Humira is a medication to help relieve pain and inflammation in your body. This pain may be from conditions such as rheumatoid arthritis, juvenile idiopathic arthritis, psoriatic arthritis, ankylosing spondylitis, and plaque psoriasis. You may also be prescribed Humira to treat Crohn’s disease and ulcerative colitis if other medications have been tried without success. Your doctor may also prescribe Humira for reasons not listed in this medication guide.
The use of Humira has been reported to rarely cause a fast-growing type of lymphoma, which is a cancer. This condition can affect your liver, spleen, and bone marrow, and it can be fatal. This has occurred mostly in teenagers and young adults who use Humira or similar medications to treat Crohn’s disease or ulcerative colitis. You should contact your doctor immediately while taking Humira if you develop symptoms like: a fever, night sweats, itching, loss of appetite, pain in your upper stomach that may spread to your shoulder, nausea, easy bruising or bleeding, pale skin, feeling light-headed or short of breath, rapid heart rate, dark urine, clay-colored stools, jaundice, weight loss, tiredness or a feeling full after eating only a small amount.
Humira may lower your ability to fight infections. Try to avoid being near people who are ill, and do not receive a “live” vaccination while taking Humira. Humira can raise your risk of bleeding, so take care when handling sharp objects.
You have a small possibility of getting an infection while taking Humira, which can sometimes be serious or even fatal. Tell your doctor immediately if you experience signs of an infection like a: fever, chills, a sore throat or flu symptoms.
Humira is in FDA pregnancy category B. Humira is not known to harm an unborn baby or pass into breast milk.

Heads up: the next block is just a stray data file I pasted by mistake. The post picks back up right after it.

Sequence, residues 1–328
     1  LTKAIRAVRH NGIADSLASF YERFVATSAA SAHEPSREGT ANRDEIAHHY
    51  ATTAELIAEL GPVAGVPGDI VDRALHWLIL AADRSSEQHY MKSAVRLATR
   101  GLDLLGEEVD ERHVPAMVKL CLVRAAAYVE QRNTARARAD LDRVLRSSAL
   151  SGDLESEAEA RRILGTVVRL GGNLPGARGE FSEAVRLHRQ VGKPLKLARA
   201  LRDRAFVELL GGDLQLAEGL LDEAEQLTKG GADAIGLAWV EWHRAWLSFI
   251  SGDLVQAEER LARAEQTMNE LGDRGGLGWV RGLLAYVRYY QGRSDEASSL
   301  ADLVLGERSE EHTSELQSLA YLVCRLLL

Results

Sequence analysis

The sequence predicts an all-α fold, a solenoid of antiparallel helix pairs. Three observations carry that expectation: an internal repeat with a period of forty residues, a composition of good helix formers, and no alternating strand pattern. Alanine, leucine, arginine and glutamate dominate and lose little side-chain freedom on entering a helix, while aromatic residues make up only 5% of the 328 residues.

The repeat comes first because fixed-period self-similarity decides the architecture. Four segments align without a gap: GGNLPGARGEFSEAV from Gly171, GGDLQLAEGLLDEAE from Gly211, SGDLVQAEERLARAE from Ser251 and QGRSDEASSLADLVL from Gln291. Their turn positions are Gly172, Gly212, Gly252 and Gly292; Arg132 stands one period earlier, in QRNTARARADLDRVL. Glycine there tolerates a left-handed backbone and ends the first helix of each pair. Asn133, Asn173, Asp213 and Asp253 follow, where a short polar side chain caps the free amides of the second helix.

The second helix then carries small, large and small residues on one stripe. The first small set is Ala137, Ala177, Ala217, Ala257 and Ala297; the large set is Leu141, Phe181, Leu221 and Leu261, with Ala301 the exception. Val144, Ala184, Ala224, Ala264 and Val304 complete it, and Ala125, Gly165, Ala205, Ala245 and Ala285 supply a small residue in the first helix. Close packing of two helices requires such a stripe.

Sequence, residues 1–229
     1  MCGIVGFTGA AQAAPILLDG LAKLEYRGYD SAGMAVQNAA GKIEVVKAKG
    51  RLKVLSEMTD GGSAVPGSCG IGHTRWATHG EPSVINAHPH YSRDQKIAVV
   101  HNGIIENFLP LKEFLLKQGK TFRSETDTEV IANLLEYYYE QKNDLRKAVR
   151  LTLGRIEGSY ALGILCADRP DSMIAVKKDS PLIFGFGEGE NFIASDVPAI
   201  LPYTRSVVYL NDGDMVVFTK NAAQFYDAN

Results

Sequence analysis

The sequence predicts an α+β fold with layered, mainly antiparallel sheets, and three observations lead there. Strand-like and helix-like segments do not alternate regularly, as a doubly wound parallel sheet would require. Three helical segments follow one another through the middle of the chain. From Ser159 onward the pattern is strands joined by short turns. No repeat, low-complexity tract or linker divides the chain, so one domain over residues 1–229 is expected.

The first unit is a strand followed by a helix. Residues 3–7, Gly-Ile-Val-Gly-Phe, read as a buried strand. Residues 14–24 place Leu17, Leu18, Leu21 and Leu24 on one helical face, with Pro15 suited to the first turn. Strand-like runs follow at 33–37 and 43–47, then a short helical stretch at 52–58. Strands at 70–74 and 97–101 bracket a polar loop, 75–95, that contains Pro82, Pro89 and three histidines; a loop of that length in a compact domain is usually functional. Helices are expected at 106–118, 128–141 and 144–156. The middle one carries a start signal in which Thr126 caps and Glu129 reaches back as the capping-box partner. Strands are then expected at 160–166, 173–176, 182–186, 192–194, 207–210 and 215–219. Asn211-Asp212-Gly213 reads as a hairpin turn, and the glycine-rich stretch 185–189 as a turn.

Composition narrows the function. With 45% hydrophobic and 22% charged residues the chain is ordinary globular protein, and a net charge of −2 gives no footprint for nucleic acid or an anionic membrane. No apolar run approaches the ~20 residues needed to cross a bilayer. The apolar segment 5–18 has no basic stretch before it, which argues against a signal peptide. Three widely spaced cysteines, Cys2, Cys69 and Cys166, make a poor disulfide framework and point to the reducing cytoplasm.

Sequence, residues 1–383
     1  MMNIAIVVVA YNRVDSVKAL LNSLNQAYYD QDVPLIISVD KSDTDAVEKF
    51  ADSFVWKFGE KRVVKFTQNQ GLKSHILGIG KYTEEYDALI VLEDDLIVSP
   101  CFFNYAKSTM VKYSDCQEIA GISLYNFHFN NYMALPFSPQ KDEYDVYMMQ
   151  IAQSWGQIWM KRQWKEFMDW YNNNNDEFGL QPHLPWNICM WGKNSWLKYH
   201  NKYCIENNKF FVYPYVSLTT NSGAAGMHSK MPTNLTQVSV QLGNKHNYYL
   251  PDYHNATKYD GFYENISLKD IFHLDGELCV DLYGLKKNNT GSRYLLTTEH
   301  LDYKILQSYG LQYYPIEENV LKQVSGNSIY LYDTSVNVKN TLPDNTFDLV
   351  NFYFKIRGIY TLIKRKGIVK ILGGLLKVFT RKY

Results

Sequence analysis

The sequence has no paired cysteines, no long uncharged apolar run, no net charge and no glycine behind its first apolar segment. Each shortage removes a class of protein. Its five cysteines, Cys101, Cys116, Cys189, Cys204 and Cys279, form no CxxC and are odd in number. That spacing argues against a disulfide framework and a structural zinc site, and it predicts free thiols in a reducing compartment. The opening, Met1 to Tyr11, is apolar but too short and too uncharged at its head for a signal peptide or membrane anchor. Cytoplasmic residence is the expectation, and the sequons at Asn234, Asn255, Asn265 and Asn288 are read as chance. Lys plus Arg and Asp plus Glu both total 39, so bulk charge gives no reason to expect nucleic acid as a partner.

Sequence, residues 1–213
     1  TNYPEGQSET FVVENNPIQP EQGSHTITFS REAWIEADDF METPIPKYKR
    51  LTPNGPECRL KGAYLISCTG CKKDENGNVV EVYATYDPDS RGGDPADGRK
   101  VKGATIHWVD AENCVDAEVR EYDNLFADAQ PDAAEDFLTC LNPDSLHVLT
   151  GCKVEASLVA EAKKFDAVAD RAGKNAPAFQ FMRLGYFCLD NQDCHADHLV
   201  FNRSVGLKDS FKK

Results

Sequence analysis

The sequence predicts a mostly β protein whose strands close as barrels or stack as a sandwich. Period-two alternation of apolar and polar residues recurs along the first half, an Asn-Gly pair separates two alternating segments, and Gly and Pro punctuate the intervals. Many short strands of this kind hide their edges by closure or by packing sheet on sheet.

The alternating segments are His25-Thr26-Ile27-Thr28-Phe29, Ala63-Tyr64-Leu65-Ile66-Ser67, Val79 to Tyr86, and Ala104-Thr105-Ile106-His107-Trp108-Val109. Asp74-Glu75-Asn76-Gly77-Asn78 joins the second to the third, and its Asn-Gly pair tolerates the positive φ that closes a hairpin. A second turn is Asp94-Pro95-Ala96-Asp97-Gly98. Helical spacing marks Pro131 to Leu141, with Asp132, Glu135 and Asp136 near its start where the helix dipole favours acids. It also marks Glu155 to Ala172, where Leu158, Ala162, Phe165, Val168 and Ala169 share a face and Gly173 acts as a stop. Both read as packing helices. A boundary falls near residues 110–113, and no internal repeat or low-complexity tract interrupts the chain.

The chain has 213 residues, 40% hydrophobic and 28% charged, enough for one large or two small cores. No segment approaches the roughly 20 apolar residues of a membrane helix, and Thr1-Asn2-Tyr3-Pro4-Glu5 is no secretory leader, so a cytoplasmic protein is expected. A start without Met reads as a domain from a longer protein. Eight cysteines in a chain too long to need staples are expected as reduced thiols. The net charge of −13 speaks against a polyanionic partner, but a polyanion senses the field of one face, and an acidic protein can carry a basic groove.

If you are allergic to Adalimumab, or if you are also being treated with Abatacept or Anakinra you should not take Humira. If you have or ever have had tuberculosis, if anyone in your household has tuberculosis, or if you have recently traveled to an area where tuberculosis is common you must inform your doctor before taking Humira.
Let your doctor know if you have an active or recent infection, open sores or skin wounds, hepatitis B or congestive heart failure. Tell your doctor if you have lupus, an allergy to latex rubber or a disease that affects your nerves or muscles, like multiple sclerosis, myasthenia gravis or Guillain-Barre syndrome. If you have recently been vaccinated with BCG (Bacille Calmette-Guerin) or if you are scheduled to receive any vaccines you must inform your doctor immediately. Children who are prescribed Humira should be current on all of their vaccinations.
The use of Humira can increase your risk of certain types of cancer, like breast, colon, prostate, lung and especially lymphoma (cancer of the lymph nodes). This risk seems to be greater in children and young adults who take Humira. There is also a chance that you may develop an autoimmune disorder, such as a lupus-like syndrome. Talk to your doctor about your individual risk for these diseases before starting treatment with Humira.
You should not receive a “live” vaccination while taking Humira. Examples of “live” vaccines include measles, mumps, rubella (MMR), Bacillus Calmette-Guérin (BCG), oral polio, rotavirus, smallpox, typhoid, yellow fever, varicella (chickenpox), H1N1 influenza and the nasal flu vaccine.